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Pentagon review: What happens if 'nuclear football' is lost?

Questions about security procedures arose after Jan. 6, when Vice President Mike Pence was escorted to safety along with a military aide carrying the backup communications system.
Image: Mike Pence
Mike Pence walks off the House floor during a joint session of Congress to certify the 2020 Electoral College results on Jan. 6, 2021 in Washington.Erin Schaff / Pool via Getty Images file

WASHINGTON — The Pentagon is taking a rare look at whether it is prepared to deal with the theft or compromise of the portable communications system nicknamed the “nuclear football,” which enables the president or a stand-in to order a nuclear attack.

In announcing the probe Tuesday, the Pentagon inspector general’s office did not disclose what precipitated it, but questions about security procedures arose in the aftermath of the Jan. 6 insurrection at the Capitol.

Vice President Mike Pence was seen on security camera video being escorted to safety, along with a military aide carrying the backup “nuclear football,” as rioters entered the Capitol.

A backup system always accompanies the vice president so that he is able to communicate in the event the president cannot. The “football,” officially called the Presidential Emergency Satchel, enables communication with the office inside the Pentagon that transmits nuclear attack orders.

The inspector general’s office said its review began this month. It gave no timeline for completing it.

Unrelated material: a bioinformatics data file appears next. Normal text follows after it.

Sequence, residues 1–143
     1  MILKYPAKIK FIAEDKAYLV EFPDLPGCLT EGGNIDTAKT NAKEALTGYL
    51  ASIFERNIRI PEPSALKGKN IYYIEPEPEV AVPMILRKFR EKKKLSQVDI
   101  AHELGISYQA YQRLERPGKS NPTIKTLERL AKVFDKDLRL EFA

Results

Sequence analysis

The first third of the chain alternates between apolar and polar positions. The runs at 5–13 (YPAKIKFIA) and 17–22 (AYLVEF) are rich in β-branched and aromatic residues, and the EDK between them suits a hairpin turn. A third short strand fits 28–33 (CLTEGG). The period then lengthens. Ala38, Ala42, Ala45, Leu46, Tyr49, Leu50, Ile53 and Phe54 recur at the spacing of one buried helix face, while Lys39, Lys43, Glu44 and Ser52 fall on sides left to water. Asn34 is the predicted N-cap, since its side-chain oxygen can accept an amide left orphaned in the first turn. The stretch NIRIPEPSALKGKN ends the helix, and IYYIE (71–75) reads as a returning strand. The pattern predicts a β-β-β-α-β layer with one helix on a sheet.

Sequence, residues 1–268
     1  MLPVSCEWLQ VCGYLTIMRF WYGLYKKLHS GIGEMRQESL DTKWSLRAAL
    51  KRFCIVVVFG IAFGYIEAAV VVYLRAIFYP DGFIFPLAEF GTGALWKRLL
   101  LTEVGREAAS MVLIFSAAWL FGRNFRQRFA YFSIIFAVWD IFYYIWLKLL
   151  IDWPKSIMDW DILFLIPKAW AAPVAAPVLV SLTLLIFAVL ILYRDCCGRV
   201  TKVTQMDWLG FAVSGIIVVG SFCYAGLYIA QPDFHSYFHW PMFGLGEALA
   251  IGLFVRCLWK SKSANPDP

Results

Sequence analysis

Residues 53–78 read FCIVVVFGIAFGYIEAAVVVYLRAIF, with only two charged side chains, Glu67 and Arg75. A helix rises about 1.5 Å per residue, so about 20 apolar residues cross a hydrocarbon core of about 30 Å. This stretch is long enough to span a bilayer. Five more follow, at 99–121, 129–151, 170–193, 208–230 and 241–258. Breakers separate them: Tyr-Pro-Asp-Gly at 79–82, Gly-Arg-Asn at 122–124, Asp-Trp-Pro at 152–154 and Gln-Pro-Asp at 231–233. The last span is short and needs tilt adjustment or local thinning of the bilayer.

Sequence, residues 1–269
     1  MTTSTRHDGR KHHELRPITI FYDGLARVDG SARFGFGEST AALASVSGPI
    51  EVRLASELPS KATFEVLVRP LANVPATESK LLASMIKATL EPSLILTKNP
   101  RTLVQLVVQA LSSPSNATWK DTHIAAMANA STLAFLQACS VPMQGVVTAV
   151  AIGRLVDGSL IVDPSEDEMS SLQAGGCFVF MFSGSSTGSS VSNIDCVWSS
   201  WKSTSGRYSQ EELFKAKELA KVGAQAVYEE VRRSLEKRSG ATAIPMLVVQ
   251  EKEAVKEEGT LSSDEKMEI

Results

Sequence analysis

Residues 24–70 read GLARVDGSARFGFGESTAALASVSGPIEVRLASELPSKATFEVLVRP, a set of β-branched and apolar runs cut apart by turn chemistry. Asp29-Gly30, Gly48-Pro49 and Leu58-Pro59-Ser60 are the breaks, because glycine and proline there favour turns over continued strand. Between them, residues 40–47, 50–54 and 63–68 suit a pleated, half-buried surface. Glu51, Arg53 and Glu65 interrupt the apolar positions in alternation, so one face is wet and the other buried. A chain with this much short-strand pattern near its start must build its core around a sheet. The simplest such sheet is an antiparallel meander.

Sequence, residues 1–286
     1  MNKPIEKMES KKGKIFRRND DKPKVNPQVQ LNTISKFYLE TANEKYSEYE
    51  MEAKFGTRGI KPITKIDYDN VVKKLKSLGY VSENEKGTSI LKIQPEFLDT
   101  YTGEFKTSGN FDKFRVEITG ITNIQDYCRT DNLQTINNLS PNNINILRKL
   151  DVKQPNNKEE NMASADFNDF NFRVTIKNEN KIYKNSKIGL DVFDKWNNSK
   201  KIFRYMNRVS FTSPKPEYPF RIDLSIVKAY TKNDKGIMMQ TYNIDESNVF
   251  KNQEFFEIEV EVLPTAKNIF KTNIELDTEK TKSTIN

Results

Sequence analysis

“The objective of this evaluation is to determine the extent that DoD processes and procedures are in place and adequate to alert DoD officials in the event that the Presidential Emergency Satchel is lost, stolen, or compromised,” Randolph R. Stone, an assistant inspector general, wrote in a July 19 letter to the director of the White House military office and the director of the Joint Staff at the Pentagon. “This evaluation will also determine the adequacy of the procedures the DoD has developed to respond to such an event.”

Two Democrats who had asked the Pentagon inspector general to review the matter, Reps. Stephen Lynch of Massachusetts and Jim Cooper of Tennessee, said in a joint statement that the Jan. 6 riot raised questions about whether the Pentagon was even aware that Pence’s “nuclear football” was potentially in danger of falling into the hand of insurrectionists.

“It is imperative that we fully understand the processes and procedures that are in place to protect the Presidential Emergency Satchel — especially when its custodians might be in danger — and we applaud the (inspector general) for accepting our request to initiate this evaluation,” they said.

Lynch and Cooper wrote the Pentagon inspector general’s office in March requesting a review.

“U.S. Strategic Command, which is responsible for U.S. strategic deterrence and nuclear operations, was reportedly unaware that Vice President Pence, his military aide, and the nuclear football were all potentially in danger and only came to understand the gravity of the incident several weeks later when security camera footage was played as a video exhibit during the Senate impeachment trial,” they wrote.